Hey Al, This Is What I Was Trying to Say to You The Other Day…

or
“What I Was TRYING to Say to Al Gore When I Bumped Into Him…”

[Ed. Note. Hey folks – sorry my blog hasn’t been updated in a long time – it has been a CRAZY couple of months & my plate has been full. I’ll do better I swear!]

So I ran into Al Gore last week.

I was at work.

He is on our Board of Directors at Apple.

He was serenely strolling out of an elevator by himself.

I was headed to the next elevator.

I passed and then scurried back and told him he was my hero.

Then I realized how lame that must have sounded (for reasons I’ll describe below) so I tried to explain how it wasn’t lame. And then I added something to show my commitment to the environment. And I tried to say something that demonstrated my intelligence. And…

Well, you get the picture. Needless to say I’m sure neither of us was impressed.1

Luckily, I know Al Gore reads my blog2 so I figured I’d just explain to him what I was trying to say here in an attempt to save my respect for my own intellect. So Al – this is for you….

The root of this problem is that some friends and I had just been discussing whether we had heroes and then, subsequently, what the value of the concept of “heroes” was. The first name that jumps to my mind as soon as the word “hero” comes up is Al Gore. And the concept of “heroes” and our problematic relationship to it is something I’ve found interesting for years.

Thus it is:

  1. pretty amazing that I should run into my hero only two days later.
  2. completely understandable that my head was full of lots complicated thoughts about our relationship to “heroes.”
  3. that those thoughts came out as “Hi Al, you’re my hero. But I know you’re just a human. So that’s really cool. I’m President of the SF League of Conservation Voters. But I also work here at Apple. On iTunes.3” At least I didn’t giggle, say “okbye!” and dart away. Sigh.

My take on heroes coalesced in college around Martin Luther King Jr. and the debates about his holiday, and the revelations of his serious improprieties both marital and academic. I was struck by MLK as a person and what he was able to accomplish. I remember reading Taylor Branch’s excellent “Parting the Waters: America During The King Years” late at night my senior year at Duke and finding myself crying while reading “Letter from a Birmingham Jail” even though I had read it before with no such effect. I read some of King’s own writing (“Stride Towards Freedom” comes to mind) in which he discussed his own frailty and remember being struck by how scared and inadequate he felt when his family was threatened and how close he came to giving up.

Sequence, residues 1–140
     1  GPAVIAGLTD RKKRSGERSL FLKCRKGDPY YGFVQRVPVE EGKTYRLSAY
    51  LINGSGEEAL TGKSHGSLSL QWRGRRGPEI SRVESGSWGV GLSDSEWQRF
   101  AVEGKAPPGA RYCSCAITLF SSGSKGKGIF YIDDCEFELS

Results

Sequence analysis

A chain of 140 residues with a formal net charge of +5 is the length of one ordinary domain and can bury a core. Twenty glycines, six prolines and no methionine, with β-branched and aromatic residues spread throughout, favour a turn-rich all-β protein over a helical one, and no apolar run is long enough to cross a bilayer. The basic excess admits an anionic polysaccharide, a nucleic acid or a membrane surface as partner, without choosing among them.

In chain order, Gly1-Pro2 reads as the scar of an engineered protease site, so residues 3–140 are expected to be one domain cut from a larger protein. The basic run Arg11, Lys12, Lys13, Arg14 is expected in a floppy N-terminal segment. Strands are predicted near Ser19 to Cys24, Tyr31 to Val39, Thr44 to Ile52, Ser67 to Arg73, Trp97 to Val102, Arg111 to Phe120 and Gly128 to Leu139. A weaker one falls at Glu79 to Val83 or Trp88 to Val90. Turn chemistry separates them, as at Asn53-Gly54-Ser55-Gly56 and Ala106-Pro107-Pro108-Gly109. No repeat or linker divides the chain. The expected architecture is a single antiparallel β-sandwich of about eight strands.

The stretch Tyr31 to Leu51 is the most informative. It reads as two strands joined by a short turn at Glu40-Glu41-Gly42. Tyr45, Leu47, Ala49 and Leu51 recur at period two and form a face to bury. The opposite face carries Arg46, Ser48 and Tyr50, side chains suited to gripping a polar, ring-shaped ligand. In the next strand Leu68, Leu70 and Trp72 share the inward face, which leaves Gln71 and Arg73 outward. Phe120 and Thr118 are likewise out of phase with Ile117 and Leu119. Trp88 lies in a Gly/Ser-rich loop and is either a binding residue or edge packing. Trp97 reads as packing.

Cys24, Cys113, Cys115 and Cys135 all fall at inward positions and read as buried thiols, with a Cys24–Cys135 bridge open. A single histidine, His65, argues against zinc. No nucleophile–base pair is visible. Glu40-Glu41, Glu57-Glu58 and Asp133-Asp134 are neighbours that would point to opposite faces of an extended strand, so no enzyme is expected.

I also became aware of his many infidelities to his wife and also, a few years later, of the charges of plagiarism that surfaced around his graduate work in seminary school. All this against a backdrop of angry denunciations of these charges by his supporters (though they seemed quite true) and continued resistance to an MLK National Holiday by his detractors and semi-closeted racists everywhere. What emerged was a profound sympathy and admiration for MLK that said to me “he was just a man with vast flaws like the rest of us – and look what he was able to accomplish. Look how much better the world is than the way he found it”.

The odd thing is that the defenders of King, by attempting to whitewash his imperfections do a disservice to his memory just as the deniers of his greatness do. The former, by sanctifying and lionizing him, remove him from us by making him into an unattainable ideal: When faced with such an ideal, many of us say “I’m too imperfect to be a saint, so I won’t even try.” But if one understands King’s failings and flaws, a more natural approach is “Wow, he is flawed just like I am, and yet look what he accomplished.” Thus, real heroes have warts and blemishes, and that makes them real people who’s greatness is within our grasp.

Since that epiphany, I’ve seen the same behavior time and time again and I realize that we often sanctify our heroes in a perverse way to keep our expectations of ourselves low. I recall seeing “The Last Temptation of Christ”, and for the first time in my life, saw Christ as a heroic figure who attempted to do real good in the world, as opposed to a mythical character in a story. Sadly, I was not surprised by the anger and vitriol of many Christians who were incensed by a movie that portrayed him as human and flawed. I wonder how many of them secretly and perhaps unbeknownst to themselves were made uncomfortable by the challenge a human-but-still-saintly Christ presented them.

All this gets back to Al. I understand that he is human. I know that he has made mistakes and probably has plenty of great failings. But to me that makes him more of a hero, not less. Thanks Al. You’re my hero!

.ps Actually it is the second time I’ve met Al Gore – I was at an environmental event with him when he was VP. But this time it seemed more personal.

1Nonetheless, he was very gracious.

2Of course he does! Everyone knows he’s super smart like that.

3Ok, that is slightly worse than I sounded, but not much worse. Sigh.

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